departments, Â set Â undergraduate Â program Â curriculums Â and Â handle Â affairs Â within Â the Â department. Â Last Â month, Â the Â Faculty Â Senate Â voted Â in Â favor Â of Â â€œgreater Â opennessâ€? Â regarding Â the Â input Â of Â faculty Â and Â staff Â in Â hiring Â the Â university Â provost. Â While Â university Â members Â have Â been Â pleading Â for Â more Â openness Â during Â this Â process, Â they Â cannot Â VHHP WR ÂżQG D PHGLXP JURXQG Despite Â the Â potential Â impact Â this Â new Â provost Â selection Â has Â on Â the Â student Â body, Â students Â are Â not Â taking Â the Â extra Â step Â to Â learn Â more Â about Â the Â closed Â search Â and Â the Â provost Â election Â process. Â If Â students Â want Â the Â best Â person Â chosen Â for Â the Â job, Â it Â is Â the Â their Â responsibility Â to Â become Â educated Â on Â the Â subject Â and Â speak Â up Â as Â members Â of Â the Â academic Â community. Â Â This Â will Â ensure Â standards Â are Â being Â upheld. Â Faculty Â Senate Â meetings Â are Â open Â to Â the Â public, Â as Â professors Â urge Â students Â to Â attend. Â Students Â fail Â to Â recognize Â their Â potential Â LQĂ€XHQFH RQ WKH VLWXDWLRQ ,Q RUGHU for Â the Â right Â person Â to Â be Â selected, Â students Â need Â to Â speak Â their Â views. Â
THE Â REVIEW/Grace Â Guillebeau
â€œThis Â language Â barrier Â isnâ€™t Â going Â to Â stop Â UD!â€?
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December 4, 2012
Dining services should be more gluten-free friendly Jason Hewett
Universityâ€™s Â Dining Â Services Â fails Â to Â include Â a Â variety Â of Â gluten-Âfree Â options Â for Â students. Â It Â goes Â without Â saying Â that Â gluten-Âfree Â awareness Â is Â much Â better Â now Â than Â it Â ever Â was, Â but Â I Â am Â not Â assuming Â everyone Â is Â an Â expert Â on Â celiac Â disease. Â In Â fact, Â it Â still Â impresses Â me Â when Â people Â tell Â me Â they Â have Â heard Â of Â it Â be-Â fore. Â I Â am Â even Â more Â impressed Â that Â several Â chain Â restaurants, Â such Â as Â Outback Â Steakhouse, Â have Â taken Â the Â time Â and Â effort Â to Â make Â gluten-Â free Â menus Â and Â offer Â gluten-Âfree Â alternatives. Â If Â you Â go Â on Â a Â cruise, Â the Â chefs Â will Â cater Â to Â any Â of Â your Â dietary Â restrictions Â and Â are Â experts Â in Â dealing Â with Â gluten-Âfree Â cases. Â As Â awareness Â grew Â over Â the Â years, Â General Â Mills, Â which Â pro-Â duces Â Chex Â cereal, Â took Â extra Â steps Â to Â replace Â PDOW Ă€DYRULQJ PDGH IURP EDUOH\ ZKLFK KDV gluten) Â in Â rice Â and Â corn Â Chex, Â making Â them Â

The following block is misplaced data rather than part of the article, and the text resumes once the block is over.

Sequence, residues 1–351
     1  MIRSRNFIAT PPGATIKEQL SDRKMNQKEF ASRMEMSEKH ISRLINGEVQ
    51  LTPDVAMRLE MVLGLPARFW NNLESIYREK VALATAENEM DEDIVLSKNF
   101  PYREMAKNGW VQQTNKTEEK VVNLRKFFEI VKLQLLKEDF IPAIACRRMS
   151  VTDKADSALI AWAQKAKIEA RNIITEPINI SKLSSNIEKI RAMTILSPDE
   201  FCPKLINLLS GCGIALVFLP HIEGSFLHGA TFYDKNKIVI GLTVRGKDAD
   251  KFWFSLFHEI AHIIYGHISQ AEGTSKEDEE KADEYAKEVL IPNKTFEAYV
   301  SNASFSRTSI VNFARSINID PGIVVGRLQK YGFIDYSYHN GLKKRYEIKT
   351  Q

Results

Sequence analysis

free Â of Â gluten. Â I Â was Â pleasantly Â surprised Â to Â ÂżQG WKH 8QLYHUVLW\ RI 'HODZDUH 'LQLQJ 6HU-Â vices Â offers Â a Â gluten-Âfree Â program. Â Though, Â WKHUHÂśVDFDWFK,I\RXZDQWWKH'LQLQJ6HUYLFHV to Â provide Â you Â with Â a Â gluten-Âfree Â meal, Â you Â have Â to Â coordinate Â your Â meals Â ahead Â of Â time. Â The Â reason Â they Â require Â planning Â ahead Â makes Â sense Â as Â not Â a Â lot Â of Â people Â need Â a Â glu-Â ten-Âfree Â diet, Â and Â most Â gluten-Âfree Â substitutes Â for Â things Â like Â bread, Â pasta, Â pizza Â and Â so Â on Â are Â H[SHQVLYH GLIÂżFXOW WR FRRN DQG XVXDOO\ QRW DOO WKDW WDVW\ ,W LV ORJLFDO IRU WKH 'LQLQJ 6HUYLFHV to Â shy Â away Â from Â providing Â gluten-Âfree Â sub-Â stitute Â foods Â unless Â a Â special Â order Â has Â been Â placed, Â otherwise Â they Â would Â just Â be Â producing Â really Â expensive Â food Â that Â nobody Â would Â eat. Â Â I Â have Â met Â some Â people Â who Â are Â content Â with Â planning Â their Â meals Â ahead Â of Â time Â and Â making Â sure Â they Â get Â a Â completely Â gluten-Âfree Â meal. Â But Â with Â a Â busy Â schedule Â and Â very Â spon-Â WDQHRXVIULHQGV,ÂżQGLWLPSRVVLEOHWREHDEOHWR tell Â when, Â where Â and Â if Â Iâ€™m Â going Â to Â eat Â at Â the Â dining Â halls. Â It Â would Â be Â unfair Â of Â me Â to Â expect Â the Â dining Â hall Â staff Â to Â work Â around Â my Â sched-Â ule, Â so Â I Â do Â not Â bother Â with Â the Â planning Â ahead Â option. Â I Â understand Â that Â means Â I Â will Â not Â get Â to Â eat Â things Â like Â pasta Â while Â Iâ€™m Â at Â school Â unless Â I Â buy Â it Â and Â prepare Â it Â myself, Â but Â Iâ€™m Â already Â paying Â for Â college Â myself Â and Â I Â have Â already Â